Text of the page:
I decided to be extra prepared for my placement by buying a book specifically on, well, placements. Hopefully, I’ll stick to it, so you should expect quite a few posts related to the contents, especially as the authors advise using the book actively. They have even have special “activities” for this purpose.
So, without further ado, the book:
Surviving Your Placement in Health and Social Care: A Student Handbook by Joan Healey and Margaret Spencer.
Unrelated, if you’re interested in body language, this was quite interesting: How to Spot a Liar.
Did you have pancakes today? I sure did. In fact, we had “pancakes” (read: fajitas) for dinner and proper pancakes (AKA crépes) for dessert! I’m stuffed.
My second Pancake Day has been much more successful than last year’s. I didn’t even know such a thing existed until it was too late last year!
Pancakes + sugar + cinnamon + lemon = heaven. (I have no idea what that thing on top of the pancakes is...)
…but I’m sick.
I not only have infected eczema, but I also officially have a cold and am just generally overwhelmed by life at the moment. Everything is just seriously sucking right now. And though I have an unconditional offer to the University of Sussex in 2012 to study Biology, I’m starting to think I should give up on that dream.
My major achievement of the day is sorting out my EOPII (Physical) folder into a more logical order, based on topic rather than week. Well done, me.
Original blog post: In Defense of Twilight by Albert Berg
I’m a Twilight fan.
But let me explain.
I have a part-time job with a lovely company that basically fills the holes for nurseries. When a nursery needs a temporary employee because one of their regulars are off sick, they call this lady who then calls one of us desperate souls.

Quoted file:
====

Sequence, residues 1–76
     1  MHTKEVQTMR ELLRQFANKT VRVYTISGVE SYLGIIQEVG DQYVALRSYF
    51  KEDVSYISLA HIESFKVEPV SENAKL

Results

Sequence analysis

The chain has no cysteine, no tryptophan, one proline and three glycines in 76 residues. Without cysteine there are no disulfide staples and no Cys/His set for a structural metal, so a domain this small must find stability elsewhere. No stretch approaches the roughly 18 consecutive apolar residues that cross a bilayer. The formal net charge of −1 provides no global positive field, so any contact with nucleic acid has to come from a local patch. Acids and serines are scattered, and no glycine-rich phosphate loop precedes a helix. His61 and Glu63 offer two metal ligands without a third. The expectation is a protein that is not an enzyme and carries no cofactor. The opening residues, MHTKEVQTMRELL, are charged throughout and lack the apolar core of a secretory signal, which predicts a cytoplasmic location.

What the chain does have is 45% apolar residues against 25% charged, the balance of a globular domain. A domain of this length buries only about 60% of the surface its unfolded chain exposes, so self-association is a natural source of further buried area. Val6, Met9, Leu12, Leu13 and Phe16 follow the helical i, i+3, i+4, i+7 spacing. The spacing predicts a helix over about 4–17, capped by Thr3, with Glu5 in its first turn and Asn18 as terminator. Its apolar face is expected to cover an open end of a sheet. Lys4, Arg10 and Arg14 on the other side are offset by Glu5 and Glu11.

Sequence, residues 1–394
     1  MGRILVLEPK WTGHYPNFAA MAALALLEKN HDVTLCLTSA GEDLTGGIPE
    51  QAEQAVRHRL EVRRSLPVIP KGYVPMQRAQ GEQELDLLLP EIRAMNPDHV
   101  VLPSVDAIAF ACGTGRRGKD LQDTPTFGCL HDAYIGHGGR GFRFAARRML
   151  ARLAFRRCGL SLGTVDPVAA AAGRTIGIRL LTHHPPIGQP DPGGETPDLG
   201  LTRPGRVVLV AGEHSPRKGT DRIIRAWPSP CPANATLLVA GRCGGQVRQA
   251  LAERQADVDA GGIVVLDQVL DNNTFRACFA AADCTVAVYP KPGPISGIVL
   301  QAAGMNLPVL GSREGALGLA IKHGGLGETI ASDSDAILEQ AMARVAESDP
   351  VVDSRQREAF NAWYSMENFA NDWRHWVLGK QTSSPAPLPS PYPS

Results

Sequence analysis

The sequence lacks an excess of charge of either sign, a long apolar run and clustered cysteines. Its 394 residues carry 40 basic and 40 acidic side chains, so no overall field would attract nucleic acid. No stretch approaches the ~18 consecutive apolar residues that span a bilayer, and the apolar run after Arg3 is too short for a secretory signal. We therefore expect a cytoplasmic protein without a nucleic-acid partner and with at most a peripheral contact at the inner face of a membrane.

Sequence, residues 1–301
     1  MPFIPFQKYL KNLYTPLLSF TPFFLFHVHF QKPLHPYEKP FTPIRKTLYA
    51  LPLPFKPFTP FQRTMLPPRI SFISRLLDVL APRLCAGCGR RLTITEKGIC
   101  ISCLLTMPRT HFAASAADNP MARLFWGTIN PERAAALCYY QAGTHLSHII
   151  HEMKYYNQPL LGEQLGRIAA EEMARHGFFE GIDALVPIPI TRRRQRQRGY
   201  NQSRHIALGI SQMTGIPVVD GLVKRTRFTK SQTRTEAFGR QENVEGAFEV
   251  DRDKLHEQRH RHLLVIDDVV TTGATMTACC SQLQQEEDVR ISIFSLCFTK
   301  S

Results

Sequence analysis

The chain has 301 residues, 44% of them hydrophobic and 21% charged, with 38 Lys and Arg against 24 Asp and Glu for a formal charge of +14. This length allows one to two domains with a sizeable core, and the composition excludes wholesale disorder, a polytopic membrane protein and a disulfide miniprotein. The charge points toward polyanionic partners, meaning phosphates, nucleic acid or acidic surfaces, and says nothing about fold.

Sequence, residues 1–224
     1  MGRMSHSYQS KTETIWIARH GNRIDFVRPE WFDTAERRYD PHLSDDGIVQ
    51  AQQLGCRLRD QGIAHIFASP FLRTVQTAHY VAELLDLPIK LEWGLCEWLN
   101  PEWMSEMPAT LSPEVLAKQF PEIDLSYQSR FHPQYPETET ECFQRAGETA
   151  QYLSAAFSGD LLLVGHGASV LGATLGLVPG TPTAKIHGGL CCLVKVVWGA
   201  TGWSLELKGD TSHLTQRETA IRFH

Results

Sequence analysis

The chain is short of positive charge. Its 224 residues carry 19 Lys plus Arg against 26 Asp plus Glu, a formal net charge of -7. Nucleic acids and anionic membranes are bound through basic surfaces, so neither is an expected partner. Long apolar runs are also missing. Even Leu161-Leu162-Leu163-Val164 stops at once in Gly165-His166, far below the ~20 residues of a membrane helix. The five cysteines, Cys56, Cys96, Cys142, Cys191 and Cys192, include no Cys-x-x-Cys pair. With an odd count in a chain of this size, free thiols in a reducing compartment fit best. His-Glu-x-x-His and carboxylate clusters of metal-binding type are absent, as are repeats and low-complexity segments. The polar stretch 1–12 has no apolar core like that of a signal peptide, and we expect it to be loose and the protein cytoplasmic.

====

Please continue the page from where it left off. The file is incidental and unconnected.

Today I had such a job, from 8:30am to 1:00pm. Now, I love kids, but today was hard. I’m quite sure we had maybe 10 minutes in total during the entire time I was working in which not a single kid was crying. But what can you expect from under 2′s…
I was also told I have the ‘magic touch’, as one of the staff members from another room with 2-3 year olds brought a boy around at about 12 who had been crying almost non-stop for two hours. He walked in, sniffly stared around for a bit and then promptly popped himself into my lap without warning. I’d never met this boy before, and apparently he hadn’t let anyone touch him for hours, so this came as a bit of a surprise to the lady watching him…and myself. I had just managed to put a particularly finicky child to sleep, so I let this boy stay on my lap while I rubbed his stomach. (Flan doesn’t understand how this can be comforting, but believe me, babies and toddlers find the strangest things soothing.) He stayed there for a whole twenty minutes before wandering over to a rocker in the shape of a snail.
I was so glad to leave. Only 4,5 hours of work and I was exhausted.
And it’s a bit annoying that what I make in 4,5 hours of work, Sam makes in an hour doing his IT consulting, especially as BABIES ARE HARD WORK. He would die in my position. I’d merely be confused in his, but he would pull his hair out in mine. Children scare him.